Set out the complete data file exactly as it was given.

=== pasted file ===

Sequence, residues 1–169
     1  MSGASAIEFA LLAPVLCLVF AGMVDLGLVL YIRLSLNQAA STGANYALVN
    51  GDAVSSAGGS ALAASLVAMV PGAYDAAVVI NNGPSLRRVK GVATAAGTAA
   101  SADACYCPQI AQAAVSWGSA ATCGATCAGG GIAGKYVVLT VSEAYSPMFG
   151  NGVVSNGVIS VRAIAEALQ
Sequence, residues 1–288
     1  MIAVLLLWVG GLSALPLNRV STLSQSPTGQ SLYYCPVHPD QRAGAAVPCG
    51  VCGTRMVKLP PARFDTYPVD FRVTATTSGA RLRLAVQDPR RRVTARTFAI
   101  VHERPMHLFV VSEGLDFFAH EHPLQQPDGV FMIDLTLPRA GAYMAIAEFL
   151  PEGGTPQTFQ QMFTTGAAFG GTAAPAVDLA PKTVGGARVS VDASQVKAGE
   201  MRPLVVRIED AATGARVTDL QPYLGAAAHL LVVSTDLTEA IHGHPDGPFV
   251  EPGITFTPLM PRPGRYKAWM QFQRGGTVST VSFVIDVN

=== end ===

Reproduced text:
Sequence, residues 1–169
     1  MSGASAIEFA LLAPVLCLVF AGMVDLGLVL YIRLSLNQAA STGANYALVN
    51  GDAVSSAGGS ALAASLVAMV PGAYDAAVVI NNGPSLRRVK GVATAAGTAA
   101  SADACYCPQI AQAAVSWGSA ATCGATCAGG GIAGKYVVLT VSEAYSPMFG
   151  NGVVSNGVIS VRAIAEALQ
Sequence, residues 1–288
     1  MIAVLLLWVG GLSALPLNRV STLSQSPTGQ SLYYCPVHPD QRAGAAVPCG
    51  VCGTRMVKLP PARFDTYPVD FRVTATTSGA RLRLAVQDPR RRVTARTFAI
   101  VHERPMHLFV VSEGLDFFAH EHPLQQPDGV FMIDLTLPRA GAYMAIAEFL
   151  PEGGTPQTFQ QMFTTGAAFG GTAAPAVDLA PKTVGGARVS VDASQVKAGE
   201  MRPLVVRIED AATGARVTDL QPYLGAAAHL LVVSTDLTEA IHGHPDGPFV
   251  EPGITFTPLM PRPGRYKAWM QFQRGGTVST VSFVIDVN